- all further loan disbursements to the project are immediately put on hold;
- banks involved in the loan demand from the project sponsor that all construction of the pipeline and all associated structures is put on hold until all outstanding issues are resolved to the full satisfaction of the Standing Rock Sioux;
- in case such a resolution of outstanding issues is not achieved with the Standing Rock Sioux, your bank fully withdraws from the loan agreement;
- a public statement is made by your bank on how you will act on the issues identified above.
We all stand with the Standing Rock Sioux in defending their ancestral lands from the impact of this project and are fully prepared to take further campaign steps in case we consider your response on this call unsatisfactory. Given the urgency of the matter we seek a response from you on this letter as soon as possible, but no later than December 5.
Johan Frijns, Director
Contact: Johan Frijns, Director BankTrack, Tel: +31 24 3249220
Please find the PDF version of the letter here.
Related banks (see addressee list above)
Banks have committed substantial resources to the Energy Transfer family of companies so it can build more oil and gas infrastructure. Energy Transfer Partners has a revolving credit line of USD 3.75 billion toward expanding its oil and gas infrastructure holdings, with commitments from 26 banks. Sunoco Logistics has a credit line of USD 2.5 billion in commitments from 24 banks. Energy Transfer Equity has a credit line with another USD 1.5 billion in commitments from most of the same big international banks.
November 2, 2016: ING expresses its concern on being involved in funding the Dakota Access Pipeline, according to this statement.
November 3, 2016: the Royal Bank of Scotland vehemently denied having any connection to the Dakota Access Pipeline when speaking to CommonSpace, saying that the relationship is a past one and that issue had been terminated. An RBS spokesperson said: “We’re not funding the Dakota Access Pipeline. RBS has never had a banking relationship with Dakota Access LLC. RBS provided financial support to the parent company of Dakota Access LLC but have since exited the relationship.”
Related dodgy deals
Dakota Access Pipeline United States
By: BankTrack – Last update: Nov 30 2016
The Dakota Access Pipeline (DAPL) is a 1,172-mile-long underground U.S. oil pipeline project for crude oil being planned by Dakota Access, LLC, a company owned by Philips 66 from Houston, Texas; Energy Transfer Partners LP from Dallas, Texas; and Sunoco Logistics Partners LP, from Philadelphia, Pennsylvania. The pipeline is to begin in the Bakken oil fields in Northwest North Dakota. It will travel in a more or less straight line south-east, across South Dakota and Iowa, to end in south-central Illinois, specifically at Patoka, Illinois. The pipeline would pump about a half-million barrels of oil each day. The oil would be sent to the East Coast refineries and other markets by train, or down another 750 miles to the Gulf Coast through a second pipeline that Energy Transfer Partners is converting to carry oil. The project is expected to cost USD 3.8 billion.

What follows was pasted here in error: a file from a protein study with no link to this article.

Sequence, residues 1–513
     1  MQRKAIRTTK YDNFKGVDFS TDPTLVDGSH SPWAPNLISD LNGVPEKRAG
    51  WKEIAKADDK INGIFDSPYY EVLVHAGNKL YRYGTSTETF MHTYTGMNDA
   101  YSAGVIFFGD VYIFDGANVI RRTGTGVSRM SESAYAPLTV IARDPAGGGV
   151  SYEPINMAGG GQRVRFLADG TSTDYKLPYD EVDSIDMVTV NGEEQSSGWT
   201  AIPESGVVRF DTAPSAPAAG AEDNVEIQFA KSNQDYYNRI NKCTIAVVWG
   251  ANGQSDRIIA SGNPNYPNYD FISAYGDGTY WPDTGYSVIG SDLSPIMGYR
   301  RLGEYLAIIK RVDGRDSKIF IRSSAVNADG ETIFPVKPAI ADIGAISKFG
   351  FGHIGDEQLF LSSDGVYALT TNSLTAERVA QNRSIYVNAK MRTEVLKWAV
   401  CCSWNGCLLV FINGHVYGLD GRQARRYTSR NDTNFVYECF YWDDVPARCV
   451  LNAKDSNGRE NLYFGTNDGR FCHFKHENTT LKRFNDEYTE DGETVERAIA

The project became public in July 2014, and informational hearings for landowners took place between August 2014 and January 2015. Dakota Access submitted its plan to the Iowa Utilities Board (IUB) on October 29, 2014, and applied for a permit in January 2015. The IUB was the last of the four state regulators to grant the permit in March 2016, including the use of eminent domain, after some public controversy. As of May 2016, Dakota Access had secured voluntary easements on 96 percent of the necessary land across four states along the proposed pipeline route.
The pipeline has been controversial regarding violations of Indigenous rights, as the pipeline path crosses Native American sacred sites and threatens drinking water at the Standing Rock Sioux reservation. The pipeline is also criticized for its potential harm to the environment, impact on climate change, and for the assumption that it is necessary at all. An unprecedented number of Native Americans in Iowa and the Dakotas have opposed the pipeline, including the Meskwaki and several Sioux nations. In July 2016, the Standing Rock Sioux sued the U.S. Army Corps of Engineers in Washington, D.C., arguing that the pipeline threatens their culture and way of life. The resistance camp at the pipeline site in North Dakota has been called the biggest Native American gathering in history, and continues to draw international attention and support.
Native water protectors at the prayer and resistance camp have been brutally confronted by law enforcement and private security forces. Indiscriminate use of attack dogs, rubber bullets, concussion grenades, tasers and mace are reported, while journalists covering the assault on non-violent water protectors have been arrested. Protesters that have been arrested have been subjected to inhumane treatment that involved, amongst other things, being locked up naked, or cramped without food and warmth into dog kennels.
What must happen
After years of pipeline disasters — from the massive tar sands oil spill in Kalamazoo, Michigan in 2010, to the recent oil pipeline spills in the San Joaquin Valley and Ventura CA, this projects poses another threat to safety, health, and the environment. It also underscores the ongoing mistreatment of Native Americans in the United States and the absence of true consultation processes. More than 30 environmental organizations have called to stop the construction of the Dakota Access Pipeline as they stand in solidarity with the Standing Rock Sioux, other indigenous peoples, and landowners in their fight against this massive crude oil pipeline.